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NJ approved for extra $300 a week in unemployment by FEMA – NorthJersey.com

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Published 5:50 p.m. ET Sept. 5, 2020 | Updated 2:38 p.m. ET Sept. 6, 2020

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Reporters from the USA TODAY NETWORK Northeast discuss what the region got right and wrong during the first coronavirus spike and where we go from here.

NorthJersey.com

An unemployment benefit that will provide an additional $300 a week to those out of work due to COVID-19 has gained approval from the Federal Emergency Management Agency.

FEMA Administrator Pete Gaynor approved New Jersey for a FEMA grant under the Lost Wages Assistance program, according to a press release from the agency on Friday.

The agency plans to work with Gov. Phil Murphy to implement a system to make the funding, which will be on top of regular unemployment benefits for those who are unemployed due to the virus.

Unlike the $600 a week supplemental payment that expired in July, those who were unemployed before COVID-19 are not eligible for the $300 a week benefit. Those who receive less than $100 a week in unemployment are also not eligible.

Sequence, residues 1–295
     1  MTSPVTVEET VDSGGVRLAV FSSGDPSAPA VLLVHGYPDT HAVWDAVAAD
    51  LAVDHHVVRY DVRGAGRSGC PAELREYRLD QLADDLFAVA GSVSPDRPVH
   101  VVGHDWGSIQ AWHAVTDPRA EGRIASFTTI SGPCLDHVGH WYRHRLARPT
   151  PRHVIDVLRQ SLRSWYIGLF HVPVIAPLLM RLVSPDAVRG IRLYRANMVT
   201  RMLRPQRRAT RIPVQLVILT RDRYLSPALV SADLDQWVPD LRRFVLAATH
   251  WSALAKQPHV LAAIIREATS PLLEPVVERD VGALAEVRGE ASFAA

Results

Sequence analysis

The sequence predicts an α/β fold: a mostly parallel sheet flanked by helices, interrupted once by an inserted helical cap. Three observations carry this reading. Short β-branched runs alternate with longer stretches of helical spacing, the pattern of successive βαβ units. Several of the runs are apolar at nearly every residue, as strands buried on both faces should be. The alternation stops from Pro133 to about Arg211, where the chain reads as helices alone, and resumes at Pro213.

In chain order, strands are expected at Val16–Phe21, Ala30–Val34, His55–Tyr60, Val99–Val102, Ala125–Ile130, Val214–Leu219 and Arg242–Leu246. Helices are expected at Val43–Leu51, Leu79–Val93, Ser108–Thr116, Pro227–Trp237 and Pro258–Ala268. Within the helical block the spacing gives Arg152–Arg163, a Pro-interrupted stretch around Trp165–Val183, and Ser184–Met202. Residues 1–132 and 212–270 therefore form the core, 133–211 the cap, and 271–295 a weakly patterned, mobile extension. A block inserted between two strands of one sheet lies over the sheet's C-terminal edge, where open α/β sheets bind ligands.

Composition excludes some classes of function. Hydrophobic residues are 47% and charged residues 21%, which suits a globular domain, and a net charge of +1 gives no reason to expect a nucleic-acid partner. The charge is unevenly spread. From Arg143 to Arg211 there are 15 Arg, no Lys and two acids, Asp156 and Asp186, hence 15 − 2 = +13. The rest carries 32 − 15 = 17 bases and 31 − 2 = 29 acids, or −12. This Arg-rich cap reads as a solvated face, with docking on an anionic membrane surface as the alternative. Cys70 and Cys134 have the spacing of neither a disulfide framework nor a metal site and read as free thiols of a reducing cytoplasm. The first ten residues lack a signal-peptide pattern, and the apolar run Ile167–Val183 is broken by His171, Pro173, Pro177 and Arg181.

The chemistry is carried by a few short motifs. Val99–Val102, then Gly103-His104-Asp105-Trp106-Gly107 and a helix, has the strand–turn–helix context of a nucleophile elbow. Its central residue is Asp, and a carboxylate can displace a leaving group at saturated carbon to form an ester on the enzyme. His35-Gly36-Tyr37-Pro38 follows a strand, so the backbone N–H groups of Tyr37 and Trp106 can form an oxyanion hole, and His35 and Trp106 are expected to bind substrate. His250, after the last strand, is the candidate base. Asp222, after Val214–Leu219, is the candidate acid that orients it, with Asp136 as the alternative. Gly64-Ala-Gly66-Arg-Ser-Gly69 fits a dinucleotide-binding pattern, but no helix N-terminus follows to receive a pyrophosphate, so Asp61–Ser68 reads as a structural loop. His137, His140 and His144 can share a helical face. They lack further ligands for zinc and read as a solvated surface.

More: NJ applying for extra $300 a week in federal COVID unemployment benefits. What to know

More: Extra $300 a week in unemployment in NJ: What you need to know, including who would get it

New Jersey’s application will cover three weeks: Aug. 1, 8 and 15. Those who are eligible for the program would most likely see one check of $900 for those weeks in their bank accounts. 

Beyond those three weeks of retroactive pay, it’s unclear how long the program will actually last. The FEMA grant is capped at $44 billion. State Labor Commissioner Rob Asaro-Angelo said while he does not know how long it will last, the “general consensus is between seven and nine” weeks. But the program would also end if FEMA’s Disaster Relief Fund balance drops below $25 billion

Approximately 800,000 unemployed workers may not see the first check until October, said Asaro-Angelo last month.   

“Because this is an entirely new program … for which we cannot use any of our current unemployment trust fund money, accounts, staff or infrastructure, it will not be easy or quick to get this additional money into the pockets of those who need it the most,” Asaro-Angelo said.